Five challenges renewables must overcome to surpass fossil fuels

Posted: Feburary 16, 2022

Renewable energy is the fastest-growing energy source in the United States, but that growth presents new challenges. While fossil fuels still make up 60% of total US generation, solar and wind now account for the majority of new generation capacity. Electricity from nuclear and renewable sources each make up 20% of U.S. generation. While technological advances have led to efficiency and costs gains to enable electricity generation from renewable sources, the renewable energy field must overcome considerable challenges before it can replace fossil fuels. 

Intermittency

Currently, fossil fuels are more reliable when compared to renewable energy resources. For example,  solar energy is far more intermittent because half of the world is dark at any given time. Solar cell efficiency is also highly dependent upon the sun’s height above the horizon. Clouds and other obstructions can also further decrease the dispatchability of solar power. Wind doesn’t blow all the time, creating similar intermittency issues. Both can be unpredictable depending on location and weather.

The intermittent nature of most forms of renewable energy requires energy storage, usually in the form of batteries. The cost of storage, as well as the cost and complexity of managing charging and discharging cycles, can negatively affect the return on renewable generation investment.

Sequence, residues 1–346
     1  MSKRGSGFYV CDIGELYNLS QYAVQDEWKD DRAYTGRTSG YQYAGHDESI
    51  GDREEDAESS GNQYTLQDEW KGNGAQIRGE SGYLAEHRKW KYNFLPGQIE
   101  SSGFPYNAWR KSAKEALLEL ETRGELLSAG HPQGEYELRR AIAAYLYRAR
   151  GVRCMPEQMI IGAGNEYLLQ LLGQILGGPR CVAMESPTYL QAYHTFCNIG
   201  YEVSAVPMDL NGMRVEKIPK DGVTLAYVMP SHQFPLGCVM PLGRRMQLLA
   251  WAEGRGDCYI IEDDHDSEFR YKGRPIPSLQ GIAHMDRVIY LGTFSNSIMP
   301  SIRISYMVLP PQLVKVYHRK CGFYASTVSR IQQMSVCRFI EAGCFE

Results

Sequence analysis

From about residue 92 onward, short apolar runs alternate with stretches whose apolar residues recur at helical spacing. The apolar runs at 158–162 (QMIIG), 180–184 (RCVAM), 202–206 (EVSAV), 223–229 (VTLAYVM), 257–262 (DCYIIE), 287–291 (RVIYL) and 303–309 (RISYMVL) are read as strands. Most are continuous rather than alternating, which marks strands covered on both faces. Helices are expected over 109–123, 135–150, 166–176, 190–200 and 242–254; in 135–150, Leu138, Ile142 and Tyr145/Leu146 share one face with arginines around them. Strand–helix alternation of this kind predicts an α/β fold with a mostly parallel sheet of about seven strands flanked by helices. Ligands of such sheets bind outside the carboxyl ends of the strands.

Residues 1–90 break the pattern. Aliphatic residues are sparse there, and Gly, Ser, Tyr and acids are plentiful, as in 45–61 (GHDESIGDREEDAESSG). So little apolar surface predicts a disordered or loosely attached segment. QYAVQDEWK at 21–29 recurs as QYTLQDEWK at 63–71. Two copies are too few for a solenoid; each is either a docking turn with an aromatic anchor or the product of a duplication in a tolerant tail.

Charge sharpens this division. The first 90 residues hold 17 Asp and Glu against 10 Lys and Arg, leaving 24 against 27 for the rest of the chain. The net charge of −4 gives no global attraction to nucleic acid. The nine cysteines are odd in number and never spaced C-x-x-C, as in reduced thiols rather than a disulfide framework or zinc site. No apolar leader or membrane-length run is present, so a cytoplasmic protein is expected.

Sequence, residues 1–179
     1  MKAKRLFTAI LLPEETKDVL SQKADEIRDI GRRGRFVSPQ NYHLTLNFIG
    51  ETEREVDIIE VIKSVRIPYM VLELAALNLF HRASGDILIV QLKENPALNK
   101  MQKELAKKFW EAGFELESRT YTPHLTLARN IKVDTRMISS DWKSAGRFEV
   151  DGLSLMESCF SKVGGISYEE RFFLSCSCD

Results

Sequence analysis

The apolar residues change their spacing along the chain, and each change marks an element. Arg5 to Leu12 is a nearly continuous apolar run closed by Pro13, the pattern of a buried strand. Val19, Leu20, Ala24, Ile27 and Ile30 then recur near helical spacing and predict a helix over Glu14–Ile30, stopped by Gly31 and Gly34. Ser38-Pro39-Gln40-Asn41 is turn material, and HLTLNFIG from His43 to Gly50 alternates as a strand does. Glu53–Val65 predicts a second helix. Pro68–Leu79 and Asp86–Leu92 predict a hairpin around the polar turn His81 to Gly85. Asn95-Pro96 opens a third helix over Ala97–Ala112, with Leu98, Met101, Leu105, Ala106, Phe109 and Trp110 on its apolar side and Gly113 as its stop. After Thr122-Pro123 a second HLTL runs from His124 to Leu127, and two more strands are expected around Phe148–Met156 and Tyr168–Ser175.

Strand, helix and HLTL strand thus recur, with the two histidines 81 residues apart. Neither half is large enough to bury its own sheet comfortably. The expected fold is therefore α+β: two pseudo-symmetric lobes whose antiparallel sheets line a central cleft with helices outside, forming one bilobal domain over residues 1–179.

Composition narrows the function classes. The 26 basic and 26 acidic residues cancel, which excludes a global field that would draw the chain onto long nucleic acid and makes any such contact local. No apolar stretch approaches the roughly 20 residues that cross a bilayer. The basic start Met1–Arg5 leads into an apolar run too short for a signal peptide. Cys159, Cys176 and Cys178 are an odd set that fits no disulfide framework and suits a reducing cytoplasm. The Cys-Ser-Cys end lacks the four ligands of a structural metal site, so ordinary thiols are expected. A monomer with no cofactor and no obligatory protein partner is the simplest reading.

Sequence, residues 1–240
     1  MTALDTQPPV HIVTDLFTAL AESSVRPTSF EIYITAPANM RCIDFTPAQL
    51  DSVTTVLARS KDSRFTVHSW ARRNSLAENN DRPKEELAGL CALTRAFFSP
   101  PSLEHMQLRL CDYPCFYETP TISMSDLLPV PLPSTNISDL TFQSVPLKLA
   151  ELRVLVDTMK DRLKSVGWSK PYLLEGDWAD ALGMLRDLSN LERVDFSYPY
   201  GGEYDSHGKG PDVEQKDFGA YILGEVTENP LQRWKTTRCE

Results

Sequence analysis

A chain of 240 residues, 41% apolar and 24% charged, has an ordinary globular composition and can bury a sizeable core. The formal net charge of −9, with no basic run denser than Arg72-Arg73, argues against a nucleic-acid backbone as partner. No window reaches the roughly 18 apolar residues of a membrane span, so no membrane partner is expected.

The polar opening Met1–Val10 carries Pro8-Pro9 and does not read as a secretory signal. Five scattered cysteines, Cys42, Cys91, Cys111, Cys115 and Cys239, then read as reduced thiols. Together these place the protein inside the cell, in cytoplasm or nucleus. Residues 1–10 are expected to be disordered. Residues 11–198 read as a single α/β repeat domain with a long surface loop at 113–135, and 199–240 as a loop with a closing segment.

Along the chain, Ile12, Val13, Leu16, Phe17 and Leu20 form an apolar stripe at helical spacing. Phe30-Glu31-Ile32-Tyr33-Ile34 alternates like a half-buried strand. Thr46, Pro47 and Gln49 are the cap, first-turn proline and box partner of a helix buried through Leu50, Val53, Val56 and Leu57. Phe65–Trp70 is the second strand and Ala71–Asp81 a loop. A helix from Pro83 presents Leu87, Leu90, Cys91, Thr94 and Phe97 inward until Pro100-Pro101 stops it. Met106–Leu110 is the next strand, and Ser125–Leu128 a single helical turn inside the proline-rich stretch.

Fortunately, advances in battery technology, software, and electric grid integration methods are making energy storage more reliable and affordable. As technology adoption increases and future advancements are made, the industry is poised to overcome current storage challenges. However, battery production requires rare earth metals. To avoid future pitfalls, manufacturers must increase efforts to reclaim these metals to create sustainable battery production.

Electric grid stability

Renewable energy is typically generated away from large populations, such as in large deserts or offshore. Transporting energy from where it is generated to where it is consumed puts greater pressure on existing grid infrastructure or requires new transmission lines. Adding new poles, wires, transformers, and more requires considerable investment to move renewable electricity from remote areas to the homes and businesses that consume it.

Most electrical power grids are not suitable to handle the rapid growth of renewable energy. Developing countries need to modernize or replace ageing infrastructure and rapidly expand power networks to meet growing demand. Developed economies built their infrastructure in the 1950s and 1960s, and that aging infrastructure must be upgraded. Besides exceeding the 50-year life expectancy, these lines were not designed for the today’s electricity demands or the added pressures from new, smart grid technologies or regulations.

Besides the ageing infrastructure and limited capacity of the existing grid, the increase in renewal penetration makes grid stability a paramount concern. The existing grid was designed to move electricity from large, centralized plants to the demand centers. Besides being one-directional, the electric grid has large mechanical inertia stored in the metal of the turbines generating electricity. This inertia makes the grid inherently stable, lending itself to efficient frequency control in cases of upsets of disruptions. As generation from fossil fuels is displaced the grid mechanical inertia decreases, requiring new methods of frequency controls to ensure grid stability.